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Why frustrated Rejoiners are going back to the grass roots

Brexit disinterest by national politicians and media is bringing a new approach

Image: The New European

Connie Sweetman stood alone on the steps of St George’s Hall in Liverpool, clutching an EU flag. Originally from Spain, the 70-year-old has lived on Merseyside since 1982. 

Having experienced the end of Franco’s dictatorship, Connie says she knows how wonderful hope and unity feels. They are feelings, she says, that Brexit crushed. 

“It was the worst thing that ever happened to me,” she told me. “I felt rejected, lonely, frightened, vulnerable and insulted after the vote. My relationship with Britain changed.” 

Connie was one of around 80 people who gathered in Liverpool on March 23 to take part in a Rejoin march. It was part of a day of events countrywide held under the Day For Rejoin banner. 

Compared to the huge Remain marches of the immediate post-Brexit era, and most recently to the National Rejoin March in London in September, which attracted tens of thousands of people, the numbers were small – scores of people queuing to express their frustration by using ‘Brexitometers’ on street stalls up and down the country, a hundred in a cinema in Leeds to watch an anti-Brexit documentary, others taking part in quizzes and dances in city and town centres.

There was some frustration that the combined effects of all this drew little notice from the traditional press – especially when, on the same weekend, a right wing protest near Downing Street led by actor-turned-political-activist Laurence Fox attracted widespread attention, even if most of it was mocking of Fox’s calls for a boycott of Nike for changing the colours of St George’s flag on the new England football kit while himself wearing a pair of Nike trainers.

But lorry driver Peter Corr, an organiser of both the Rejoin march and Rejoin day, told me: “We’re happy with the numbers and support shown online, with the #DayForRejoin trending on X throughout the day.”

Corr’s speech in Liverpool focused on how Brexit had helped to cause Britain’s rise in inflation, giving the example of how companies are not absorbing the higher wage costs of lorry drivers post-Brexit, which are instead being passed on to people at the supermarket tills.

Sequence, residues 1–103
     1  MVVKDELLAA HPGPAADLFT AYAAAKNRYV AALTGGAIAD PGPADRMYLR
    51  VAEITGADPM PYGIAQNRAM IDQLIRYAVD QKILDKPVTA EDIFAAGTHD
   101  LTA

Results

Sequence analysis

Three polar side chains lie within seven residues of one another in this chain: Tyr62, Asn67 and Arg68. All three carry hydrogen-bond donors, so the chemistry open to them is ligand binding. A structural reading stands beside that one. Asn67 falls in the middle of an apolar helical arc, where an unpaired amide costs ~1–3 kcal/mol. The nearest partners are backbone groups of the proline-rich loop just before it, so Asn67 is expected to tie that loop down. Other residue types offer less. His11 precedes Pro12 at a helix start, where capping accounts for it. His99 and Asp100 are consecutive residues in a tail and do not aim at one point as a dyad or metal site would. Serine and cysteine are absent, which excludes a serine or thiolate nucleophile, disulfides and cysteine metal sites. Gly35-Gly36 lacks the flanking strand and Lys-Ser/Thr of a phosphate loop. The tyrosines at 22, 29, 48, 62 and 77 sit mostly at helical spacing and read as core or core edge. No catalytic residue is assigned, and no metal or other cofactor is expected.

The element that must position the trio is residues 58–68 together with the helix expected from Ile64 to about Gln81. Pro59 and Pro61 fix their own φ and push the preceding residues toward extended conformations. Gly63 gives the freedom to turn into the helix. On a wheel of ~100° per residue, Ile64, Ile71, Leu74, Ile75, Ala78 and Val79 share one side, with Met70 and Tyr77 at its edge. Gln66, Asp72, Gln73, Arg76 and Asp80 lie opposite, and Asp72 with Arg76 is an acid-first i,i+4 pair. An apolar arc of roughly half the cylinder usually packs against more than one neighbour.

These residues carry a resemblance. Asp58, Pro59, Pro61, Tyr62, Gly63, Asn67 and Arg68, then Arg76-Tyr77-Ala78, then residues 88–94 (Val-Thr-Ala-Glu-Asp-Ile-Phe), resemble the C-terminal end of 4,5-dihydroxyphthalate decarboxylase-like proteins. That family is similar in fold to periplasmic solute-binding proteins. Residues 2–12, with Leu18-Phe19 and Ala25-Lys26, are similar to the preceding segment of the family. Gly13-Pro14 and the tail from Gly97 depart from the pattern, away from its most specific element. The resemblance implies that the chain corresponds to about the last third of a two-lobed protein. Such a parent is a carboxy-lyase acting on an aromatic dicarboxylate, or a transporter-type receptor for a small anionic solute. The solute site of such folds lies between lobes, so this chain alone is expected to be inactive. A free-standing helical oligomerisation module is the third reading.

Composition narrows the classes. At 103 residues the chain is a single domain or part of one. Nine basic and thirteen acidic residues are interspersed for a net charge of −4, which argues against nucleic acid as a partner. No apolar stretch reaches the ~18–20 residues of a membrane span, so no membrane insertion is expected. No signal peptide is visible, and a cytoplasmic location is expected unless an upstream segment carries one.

But he also hinted at the disconnect between mainstream politicians and media ignoring the elephant in the room, and the ordinary people who know that leaving the EU has been a disaster. “People are talking about Brexit but politicians on the doorstep just aren’t connecting the dots for them, either deliberately and dishonestly, or they aren’t even aware of the blindingly obvious staring them in the face,” he said.

No wonder then, that pro-EU campaigns are now focusing on winning grassroots support than on winning over the support of major parties.

Support for rejoining the EU is at an all-time high. Polls in recent months have shown that the majority of people now think Brexit was a mistake, and in a YouGov poll last November, 57% said they wanted Britain to rejoin the EU’s single market. Even 35% of those who voted Leave in 2016 now agreed.

Yet despite surging public support for the rejoin movement and the chaos and wreckage of Brexit being all around us (acutely demonstrated by the convoy of tractors that descended on Westminster on March 25, with farmers calling for an end to the post-Brexit trade deals that have led to substandard imports and inaccurate labelling), Westminster politicians are reluctant to discuss the issue at length.

Sir Ed Davey offered a glimmer of hope when he called for a return to EU free movement in Britain. During the recent Liberal Democrats’ Spring Conference, the party’s leader pledged a “path back” into the EU single market because being at the centre of Europe was “where we belong.”

But in failing to put a date on when the party would wish to seek to rejoin the single market or outline any concrete policies on how it would “restore Britain’s place at the heart of Europe”, Davey’s words were heavy on rhetoric but didn’t inspire much hope for action.

John Gaskell, chair of the SW Surrey branch of the European Movement, which held a Day For Rejoin street stall, told me how there is grassroots support for the movement from members of the Green, Lib Dems and Labour parties, but less so from those parties’ HQs. He also noted how public opposition towards the Rejoin movement seems to be in decline. 

“We encounter much less opposition on the streets than in the early febrile days of Brexit,” said Gaskell.

The European Movement (EM) West London group agrees, with co-chair Bruce Dickson telling me that much of the abuse the campaigners once attracted from Leavers effectively stopped last year. “Our support is snowballing,” he said, yet he remains frustrated that political leaders arereluctant to talk about rejoining.

He added: “Polling shows that nearly all last year Rejoin was supported by 63%, and recently those thinking Brexit a success has plummeted to 13%. So, we have effectively ‘won the argument’ over Brexit. However, with neither Labour nor the Conservatives supporting Rejoin, even with Labour at least looking for more alignment, there isn’t the willpower nor likely votes in pushing it politically.”

With politicians and much of the media failing to talk about the lives Brexit has wrecked, it is not surprising that ordinary people are taking it upon themselves to call out the damage. 

“We need a bold leader to reverse the damage of Brexit and put us back in the EU,” said Rejoiner Connie Sweetman. 

But to achieve that, we need a bold and democratic media to be honest and spell out the damage so that Brexit-shy political leaders are no longer let off the hook

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